Cardboard models-based Wargame (2004). Ad Astra Games. Designed by Ken Burnside, Eric Finley, Tony Valle.
Attack Vector is a rare example of a game which, like Battlefleet Mars (1977) and Independence War: The Starship Simulator (1997), approaches space combat in a physically realistic way. Newtonian mechanics and accurate analyses of such details as heat loss from life support systems are used throughout. The only exceptions to the game's careful simulation of reality occur when scientific accuracy would seriously interfere with the fiction. Thus, as in much Military SF, Faster Than Light drives exist as part of a technology not much more sophisticated than that of the present day, and operate without creating Time Paradoxes (see Relativity). The game's design is ingenious and well thought out, employing a far more intuitive solution to the problem of depicting three dimensions in a Wargame than the somewhat difficult to visualize approach taken in Battlefleet Mars. Spacecraft models are placed on stacks of blocks which indicate their height above or below the hexagonal grid map, with additional blocks used to specify tilt, and precalculated tables and a device somewhat resembling a three-dimensional slide rule are used to simplify the mathematics involved in computing acceleration and velocity changes. The optional setting included with the game, the "Ten Worlds", is similarly realistic in tone. In a future reminiscent of 2300 AD (1987), humanity's interstellar colonies have been isolated by the unexplained disappearance of Earth, and are sliding from a multipolar cold war into a limited hot one as the remnants of the twenty-third century's Great Powers squabble over failing client colonies. Attack Vector is a game of considerable tactical depth which, while still somewhat complex and time consuming to play, depicts physically realistic combat in three-dimensional space better than any Wargame before it; its degree of scientific accuracy is greater than that of much written sf dealing with the same subject.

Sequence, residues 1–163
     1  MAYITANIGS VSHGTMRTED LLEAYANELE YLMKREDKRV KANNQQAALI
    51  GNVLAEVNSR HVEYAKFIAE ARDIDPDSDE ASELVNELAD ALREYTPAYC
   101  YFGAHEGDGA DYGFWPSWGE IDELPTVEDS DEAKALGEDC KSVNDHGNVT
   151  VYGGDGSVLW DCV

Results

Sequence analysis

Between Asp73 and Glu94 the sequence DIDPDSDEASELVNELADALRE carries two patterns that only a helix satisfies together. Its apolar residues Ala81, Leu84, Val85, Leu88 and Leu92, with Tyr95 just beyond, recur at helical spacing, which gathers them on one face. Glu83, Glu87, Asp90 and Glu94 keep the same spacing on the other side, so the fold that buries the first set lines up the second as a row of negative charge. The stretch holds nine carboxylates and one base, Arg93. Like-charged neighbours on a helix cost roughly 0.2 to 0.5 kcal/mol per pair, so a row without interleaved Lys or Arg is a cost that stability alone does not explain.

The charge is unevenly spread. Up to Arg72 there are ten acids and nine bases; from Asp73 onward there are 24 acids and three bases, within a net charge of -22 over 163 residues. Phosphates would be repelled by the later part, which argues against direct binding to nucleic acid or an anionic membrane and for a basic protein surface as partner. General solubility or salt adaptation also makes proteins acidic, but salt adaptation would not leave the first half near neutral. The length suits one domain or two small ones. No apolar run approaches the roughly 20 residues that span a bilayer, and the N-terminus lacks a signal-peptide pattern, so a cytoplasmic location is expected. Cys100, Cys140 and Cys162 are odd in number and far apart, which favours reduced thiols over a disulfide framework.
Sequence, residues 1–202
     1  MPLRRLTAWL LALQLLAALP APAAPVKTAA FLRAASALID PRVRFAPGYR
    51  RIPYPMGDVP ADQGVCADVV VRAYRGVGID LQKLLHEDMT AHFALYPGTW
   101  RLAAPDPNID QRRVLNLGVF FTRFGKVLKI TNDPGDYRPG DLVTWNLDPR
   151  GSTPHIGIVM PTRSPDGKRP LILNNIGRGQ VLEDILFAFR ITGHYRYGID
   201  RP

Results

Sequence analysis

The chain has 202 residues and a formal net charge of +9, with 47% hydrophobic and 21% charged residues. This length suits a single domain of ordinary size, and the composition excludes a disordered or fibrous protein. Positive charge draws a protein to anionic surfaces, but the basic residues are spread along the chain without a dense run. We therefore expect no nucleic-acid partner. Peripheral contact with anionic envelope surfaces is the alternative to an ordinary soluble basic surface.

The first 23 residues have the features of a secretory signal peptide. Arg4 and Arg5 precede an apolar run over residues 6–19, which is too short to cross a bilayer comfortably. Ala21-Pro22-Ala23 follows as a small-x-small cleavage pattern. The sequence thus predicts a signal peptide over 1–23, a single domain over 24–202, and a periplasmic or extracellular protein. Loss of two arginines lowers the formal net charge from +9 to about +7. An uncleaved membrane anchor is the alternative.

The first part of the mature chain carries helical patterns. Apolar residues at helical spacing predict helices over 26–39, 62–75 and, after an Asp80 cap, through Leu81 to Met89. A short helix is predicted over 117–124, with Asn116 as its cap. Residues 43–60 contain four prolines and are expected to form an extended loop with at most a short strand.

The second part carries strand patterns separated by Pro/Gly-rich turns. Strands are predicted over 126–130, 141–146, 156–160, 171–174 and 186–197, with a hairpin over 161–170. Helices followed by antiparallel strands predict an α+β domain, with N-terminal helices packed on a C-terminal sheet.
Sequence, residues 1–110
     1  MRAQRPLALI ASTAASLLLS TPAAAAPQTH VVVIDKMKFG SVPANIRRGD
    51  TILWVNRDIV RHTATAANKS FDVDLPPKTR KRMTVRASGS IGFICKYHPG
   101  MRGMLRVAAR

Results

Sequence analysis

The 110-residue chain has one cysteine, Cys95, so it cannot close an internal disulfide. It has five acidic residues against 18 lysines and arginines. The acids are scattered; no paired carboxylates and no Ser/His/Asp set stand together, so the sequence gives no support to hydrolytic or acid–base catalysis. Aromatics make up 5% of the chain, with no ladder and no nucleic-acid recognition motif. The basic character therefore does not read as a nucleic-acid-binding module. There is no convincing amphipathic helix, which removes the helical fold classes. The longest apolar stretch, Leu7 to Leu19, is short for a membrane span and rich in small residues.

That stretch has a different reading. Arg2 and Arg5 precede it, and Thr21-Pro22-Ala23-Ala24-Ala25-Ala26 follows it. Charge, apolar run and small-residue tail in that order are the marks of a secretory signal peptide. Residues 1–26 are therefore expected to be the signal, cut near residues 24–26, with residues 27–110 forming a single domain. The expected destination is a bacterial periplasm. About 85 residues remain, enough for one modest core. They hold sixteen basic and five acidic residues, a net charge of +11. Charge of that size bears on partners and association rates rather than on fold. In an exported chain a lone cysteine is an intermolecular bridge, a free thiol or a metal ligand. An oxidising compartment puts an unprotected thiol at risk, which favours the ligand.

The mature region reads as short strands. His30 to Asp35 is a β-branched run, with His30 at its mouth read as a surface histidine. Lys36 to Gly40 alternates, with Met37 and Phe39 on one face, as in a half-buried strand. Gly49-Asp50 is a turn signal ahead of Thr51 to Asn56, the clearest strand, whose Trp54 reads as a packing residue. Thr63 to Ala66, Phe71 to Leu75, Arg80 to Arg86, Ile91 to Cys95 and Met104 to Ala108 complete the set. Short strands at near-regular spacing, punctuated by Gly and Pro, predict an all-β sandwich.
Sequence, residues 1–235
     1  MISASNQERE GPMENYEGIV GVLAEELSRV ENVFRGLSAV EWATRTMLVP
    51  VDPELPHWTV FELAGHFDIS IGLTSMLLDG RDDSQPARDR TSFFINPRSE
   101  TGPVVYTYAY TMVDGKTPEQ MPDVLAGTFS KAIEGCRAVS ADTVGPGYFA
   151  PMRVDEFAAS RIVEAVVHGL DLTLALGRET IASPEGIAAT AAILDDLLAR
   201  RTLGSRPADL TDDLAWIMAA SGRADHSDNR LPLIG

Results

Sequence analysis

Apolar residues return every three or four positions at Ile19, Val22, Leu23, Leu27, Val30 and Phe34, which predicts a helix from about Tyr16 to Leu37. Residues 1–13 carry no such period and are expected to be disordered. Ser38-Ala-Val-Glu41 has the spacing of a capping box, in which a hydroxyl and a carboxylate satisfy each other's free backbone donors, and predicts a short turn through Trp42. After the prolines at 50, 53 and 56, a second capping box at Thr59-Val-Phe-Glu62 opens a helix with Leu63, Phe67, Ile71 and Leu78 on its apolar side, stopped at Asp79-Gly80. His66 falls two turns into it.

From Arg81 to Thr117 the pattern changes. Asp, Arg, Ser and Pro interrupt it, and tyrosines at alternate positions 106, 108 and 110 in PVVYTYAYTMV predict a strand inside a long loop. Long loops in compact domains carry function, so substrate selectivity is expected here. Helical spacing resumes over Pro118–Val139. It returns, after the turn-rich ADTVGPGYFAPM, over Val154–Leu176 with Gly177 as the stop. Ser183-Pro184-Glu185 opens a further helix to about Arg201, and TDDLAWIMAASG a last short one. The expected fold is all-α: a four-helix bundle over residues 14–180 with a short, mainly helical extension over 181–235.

Related works: A second edition was published in 2011. [NT]
Previous versions of this entry